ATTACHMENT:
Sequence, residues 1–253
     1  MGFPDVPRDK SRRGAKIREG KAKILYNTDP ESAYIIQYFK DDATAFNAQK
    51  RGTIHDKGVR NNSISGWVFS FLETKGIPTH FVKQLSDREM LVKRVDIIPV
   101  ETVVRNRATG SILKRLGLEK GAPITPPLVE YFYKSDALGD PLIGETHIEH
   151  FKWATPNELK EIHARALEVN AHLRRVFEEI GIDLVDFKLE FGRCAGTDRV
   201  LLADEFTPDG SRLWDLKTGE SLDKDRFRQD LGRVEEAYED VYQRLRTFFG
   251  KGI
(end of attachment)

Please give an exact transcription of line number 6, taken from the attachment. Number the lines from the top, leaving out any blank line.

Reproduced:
   201  LLADEFTPDG SRLWDLKTGE SLDKDRFRQD LGRVEEAYED VYQRLRTFFG